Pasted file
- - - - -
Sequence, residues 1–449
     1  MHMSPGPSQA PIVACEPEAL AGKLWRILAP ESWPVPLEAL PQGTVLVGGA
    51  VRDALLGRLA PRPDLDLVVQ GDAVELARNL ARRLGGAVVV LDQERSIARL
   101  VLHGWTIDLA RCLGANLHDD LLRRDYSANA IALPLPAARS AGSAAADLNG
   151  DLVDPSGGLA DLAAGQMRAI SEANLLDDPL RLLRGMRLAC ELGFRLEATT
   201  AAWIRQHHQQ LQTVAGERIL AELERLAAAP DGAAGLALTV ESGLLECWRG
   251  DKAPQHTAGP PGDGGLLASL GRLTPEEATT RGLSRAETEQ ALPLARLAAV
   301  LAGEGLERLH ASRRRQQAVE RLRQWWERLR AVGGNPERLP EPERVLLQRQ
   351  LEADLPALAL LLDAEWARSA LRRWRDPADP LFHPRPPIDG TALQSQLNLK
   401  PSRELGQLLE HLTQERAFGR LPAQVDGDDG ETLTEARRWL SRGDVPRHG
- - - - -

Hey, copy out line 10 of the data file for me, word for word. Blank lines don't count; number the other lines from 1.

   401  PSRELGQLLE HLTQERAFGR LPAQVDGDDG ETLTEARRWL SRGDVPRHG